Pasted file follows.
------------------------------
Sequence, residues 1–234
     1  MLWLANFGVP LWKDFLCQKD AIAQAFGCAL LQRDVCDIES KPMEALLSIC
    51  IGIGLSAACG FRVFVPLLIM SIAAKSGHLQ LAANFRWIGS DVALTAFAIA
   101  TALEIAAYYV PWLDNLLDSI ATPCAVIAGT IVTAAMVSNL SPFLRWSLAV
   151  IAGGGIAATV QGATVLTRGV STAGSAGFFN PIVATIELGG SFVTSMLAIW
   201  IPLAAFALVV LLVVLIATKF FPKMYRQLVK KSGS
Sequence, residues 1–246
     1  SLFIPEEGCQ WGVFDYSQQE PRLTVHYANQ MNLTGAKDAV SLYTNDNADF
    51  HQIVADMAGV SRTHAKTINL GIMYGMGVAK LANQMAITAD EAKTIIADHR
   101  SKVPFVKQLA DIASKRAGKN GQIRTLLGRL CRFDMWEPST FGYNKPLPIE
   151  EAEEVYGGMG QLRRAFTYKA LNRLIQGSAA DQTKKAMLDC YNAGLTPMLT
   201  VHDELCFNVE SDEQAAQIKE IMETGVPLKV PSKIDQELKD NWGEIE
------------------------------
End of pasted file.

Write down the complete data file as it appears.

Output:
Sequence, residues 1–234
     1  MLWLANFGVP LWKDFLCQKD AIAQAFGCAL LQRDVCDIES KPMEALLSIC
    51  IGIGLSAACG FRVFVPLLIM SIAAKSGHLQ LAANFRWIGS DVALTAFAIA
   101  TALEIAAYYV PWLDNLLDSI ATPCAVIAGT IVTAAMVSNL SPFLRWSLAV
   151  IAGGGIAATV QGATVLTRGV STAGSAGFFN PIVATIELGG SFVTSMLAIW
   201  IPLAAFALVV LLVVLIATKF FPKMYRQLVK KSGS
Sequence, residues 1–246
     1  SLFIPEEGCQ WGVFDYSQQE PRLTVHYANQ MNLTGAKDAV SLYTNDNADF
    51  HQIVADMAGV SRTHAKTINL GIMYGMGVAK LANQMAITAD EAKTIIADHR
   101  SKVPFVKQLA DIASKRAGKN GQIRTLLGRL CRFDMWEPST FGYNKPLPIE
   151  EAEEVYGGMG QLRRAFTYKA LNRLIQGSAA DQTKKAMLDC YNAGLTPMLT
   201  VHDELCFNVE SDEQAAQIKE IMETGVPLKV PSKIDQELKD NWGEIE